Don’t pass the hat, pass the iPhone

Yesterday, ReadWrite Web reported about a new credit card scanner from a company called Square. This scanner will hook up to any device with an audio input jack. While this may start as an iPhone-focused product, it is clear from Square’s website that it won’t stay that way. You don’t hire developers for Android and Blackberry unless you are looking to create a broad mobile product. The card reader and application will cost only $1. Square can do this because they’ll be taking 2.9 percent of every transaction. It won’t require fund recipients to have a merchant account, so the 2.9 percent fee is competitive for taking credit card transactions.

If you read the comments on the post linked above, you’ll read about a number of security and privacy concerns. Concerns I share —though I’m fairly certain that it’s a bit premature to say the product isn’t safe when it won’t launch for six months. Regardless of this product, mobile payment solutions tied to cell phones are coming— and coming soon. For ministries, I see a number of possible uses. The first that comes to mind is events like concerts or conferences. Instead of keeping volunteers behind a counter and requiring possible donors to fill out forms, volunteers could be out front. Each one equipped with an iPad showing a video presentation. If a donor is moved, the volunteer simply swipes the donor’s card and processes the transaction. At only $1 per device, you could even imagine sending these out into the field with advocates for your organization. For example, someone is giving a talk to their Sunday School class about your ministry. You send them a Square device, and they can immediately take donations.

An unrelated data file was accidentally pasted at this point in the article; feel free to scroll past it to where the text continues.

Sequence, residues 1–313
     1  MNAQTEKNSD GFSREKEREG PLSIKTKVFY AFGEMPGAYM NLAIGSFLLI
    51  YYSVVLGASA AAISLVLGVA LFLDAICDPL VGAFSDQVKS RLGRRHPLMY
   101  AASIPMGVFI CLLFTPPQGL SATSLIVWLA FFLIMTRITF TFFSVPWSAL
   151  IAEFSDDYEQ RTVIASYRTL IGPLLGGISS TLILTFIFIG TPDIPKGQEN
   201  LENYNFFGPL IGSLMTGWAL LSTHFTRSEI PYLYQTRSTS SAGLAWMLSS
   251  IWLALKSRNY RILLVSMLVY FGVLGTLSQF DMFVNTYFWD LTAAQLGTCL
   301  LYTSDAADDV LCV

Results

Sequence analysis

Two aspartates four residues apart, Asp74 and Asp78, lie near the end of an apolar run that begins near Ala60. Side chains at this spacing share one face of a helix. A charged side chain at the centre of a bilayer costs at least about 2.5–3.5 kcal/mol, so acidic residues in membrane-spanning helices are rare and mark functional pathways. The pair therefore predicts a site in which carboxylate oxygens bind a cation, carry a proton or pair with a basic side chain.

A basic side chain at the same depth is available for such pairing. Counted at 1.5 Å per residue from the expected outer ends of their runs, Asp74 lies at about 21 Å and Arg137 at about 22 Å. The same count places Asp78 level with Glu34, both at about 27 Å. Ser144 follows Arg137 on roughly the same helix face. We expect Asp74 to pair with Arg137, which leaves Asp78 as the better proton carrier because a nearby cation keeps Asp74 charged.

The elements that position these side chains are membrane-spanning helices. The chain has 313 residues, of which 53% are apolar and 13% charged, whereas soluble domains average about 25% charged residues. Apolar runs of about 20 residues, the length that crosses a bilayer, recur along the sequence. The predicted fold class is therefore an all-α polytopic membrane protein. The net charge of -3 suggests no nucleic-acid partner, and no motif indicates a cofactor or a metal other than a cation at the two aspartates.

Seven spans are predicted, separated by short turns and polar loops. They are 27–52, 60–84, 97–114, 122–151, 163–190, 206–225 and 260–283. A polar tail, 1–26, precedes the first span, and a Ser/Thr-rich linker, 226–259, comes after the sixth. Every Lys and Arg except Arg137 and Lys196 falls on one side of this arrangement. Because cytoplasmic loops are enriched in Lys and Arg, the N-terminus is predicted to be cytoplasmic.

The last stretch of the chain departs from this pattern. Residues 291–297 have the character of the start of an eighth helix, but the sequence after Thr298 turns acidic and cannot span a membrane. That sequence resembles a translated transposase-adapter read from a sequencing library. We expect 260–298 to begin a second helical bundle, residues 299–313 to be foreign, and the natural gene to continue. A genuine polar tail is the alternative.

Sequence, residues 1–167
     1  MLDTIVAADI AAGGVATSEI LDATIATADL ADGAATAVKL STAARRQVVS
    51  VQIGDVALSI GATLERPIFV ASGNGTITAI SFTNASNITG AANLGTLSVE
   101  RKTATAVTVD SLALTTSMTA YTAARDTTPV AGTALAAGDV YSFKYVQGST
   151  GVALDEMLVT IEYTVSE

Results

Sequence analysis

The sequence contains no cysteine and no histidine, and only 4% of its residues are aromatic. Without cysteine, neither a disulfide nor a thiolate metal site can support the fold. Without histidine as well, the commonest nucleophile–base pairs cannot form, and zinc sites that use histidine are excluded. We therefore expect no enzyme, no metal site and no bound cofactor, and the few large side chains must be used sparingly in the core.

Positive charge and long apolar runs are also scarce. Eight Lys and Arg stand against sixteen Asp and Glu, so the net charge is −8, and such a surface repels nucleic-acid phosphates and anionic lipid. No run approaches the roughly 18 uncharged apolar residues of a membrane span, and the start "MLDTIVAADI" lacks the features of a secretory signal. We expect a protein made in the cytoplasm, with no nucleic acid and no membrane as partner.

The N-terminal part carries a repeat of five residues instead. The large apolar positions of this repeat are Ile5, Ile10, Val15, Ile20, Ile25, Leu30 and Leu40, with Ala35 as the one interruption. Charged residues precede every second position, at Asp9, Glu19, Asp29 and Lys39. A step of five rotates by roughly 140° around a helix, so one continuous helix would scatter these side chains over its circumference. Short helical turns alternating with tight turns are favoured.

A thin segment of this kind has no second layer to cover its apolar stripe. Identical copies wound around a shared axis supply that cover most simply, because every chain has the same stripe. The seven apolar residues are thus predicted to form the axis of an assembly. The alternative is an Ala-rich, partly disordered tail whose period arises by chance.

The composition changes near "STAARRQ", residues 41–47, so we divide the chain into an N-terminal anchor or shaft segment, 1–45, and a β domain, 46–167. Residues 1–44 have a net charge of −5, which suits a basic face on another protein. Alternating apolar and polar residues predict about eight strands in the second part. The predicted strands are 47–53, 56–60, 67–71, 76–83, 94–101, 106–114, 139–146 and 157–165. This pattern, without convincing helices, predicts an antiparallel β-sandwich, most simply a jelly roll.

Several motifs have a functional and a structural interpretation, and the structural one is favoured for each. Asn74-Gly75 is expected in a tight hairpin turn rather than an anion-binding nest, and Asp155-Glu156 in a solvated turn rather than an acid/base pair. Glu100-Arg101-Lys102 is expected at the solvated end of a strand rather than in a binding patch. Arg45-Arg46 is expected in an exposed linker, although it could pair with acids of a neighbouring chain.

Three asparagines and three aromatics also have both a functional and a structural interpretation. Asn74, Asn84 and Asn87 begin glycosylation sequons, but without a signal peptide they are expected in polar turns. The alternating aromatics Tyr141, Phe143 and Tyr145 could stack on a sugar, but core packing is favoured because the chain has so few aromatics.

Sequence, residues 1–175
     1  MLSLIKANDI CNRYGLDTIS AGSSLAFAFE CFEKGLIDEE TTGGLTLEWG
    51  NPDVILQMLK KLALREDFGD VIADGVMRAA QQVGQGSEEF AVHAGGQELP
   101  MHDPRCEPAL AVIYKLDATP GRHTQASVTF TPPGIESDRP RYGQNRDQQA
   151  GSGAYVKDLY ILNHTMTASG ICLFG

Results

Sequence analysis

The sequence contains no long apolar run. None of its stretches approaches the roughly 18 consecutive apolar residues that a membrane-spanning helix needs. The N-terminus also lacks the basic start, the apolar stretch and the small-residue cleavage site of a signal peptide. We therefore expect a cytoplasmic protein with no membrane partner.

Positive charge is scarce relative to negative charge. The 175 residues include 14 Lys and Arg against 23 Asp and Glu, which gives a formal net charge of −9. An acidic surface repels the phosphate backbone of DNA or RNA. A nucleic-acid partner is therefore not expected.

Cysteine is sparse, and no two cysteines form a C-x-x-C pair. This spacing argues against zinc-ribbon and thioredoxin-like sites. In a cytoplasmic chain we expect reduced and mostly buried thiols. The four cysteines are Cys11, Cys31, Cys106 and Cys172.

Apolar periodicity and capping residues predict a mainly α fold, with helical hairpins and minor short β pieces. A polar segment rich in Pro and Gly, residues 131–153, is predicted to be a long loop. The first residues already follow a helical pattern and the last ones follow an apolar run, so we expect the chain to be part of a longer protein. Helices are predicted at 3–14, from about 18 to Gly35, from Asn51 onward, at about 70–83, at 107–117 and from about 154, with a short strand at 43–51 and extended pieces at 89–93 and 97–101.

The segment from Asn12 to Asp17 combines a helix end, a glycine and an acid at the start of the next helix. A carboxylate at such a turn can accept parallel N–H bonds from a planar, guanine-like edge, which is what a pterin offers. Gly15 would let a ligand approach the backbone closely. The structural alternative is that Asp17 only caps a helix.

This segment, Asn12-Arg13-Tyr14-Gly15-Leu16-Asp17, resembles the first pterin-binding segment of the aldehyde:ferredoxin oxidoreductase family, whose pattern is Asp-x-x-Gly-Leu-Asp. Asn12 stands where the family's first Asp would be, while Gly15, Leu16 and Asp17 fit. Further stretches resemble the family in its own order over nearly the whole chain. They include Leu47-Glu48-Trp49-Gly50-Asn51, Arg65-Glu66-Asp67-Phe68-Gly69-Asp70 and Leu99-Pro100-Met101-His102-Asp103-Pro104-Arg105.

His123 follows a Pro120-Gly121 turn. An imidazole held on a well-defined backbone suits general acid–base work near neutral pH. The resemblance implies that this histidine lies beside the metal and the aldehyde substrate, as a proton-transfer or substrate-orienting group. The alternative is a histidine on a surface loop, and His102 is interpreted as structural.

Of course you can raise objections, like control and others, to these ideas. It is always easier to tear down a new idea than to embrace it. New ideas always have an element of risk, and this one is no exception. From everything I’ve seen, it is clear that ministries are going to have to do things outside of their comfort zone if they hope to continue to thrive. The question for your organization is: “Are you willing to be out front, or are you going to follow behind?”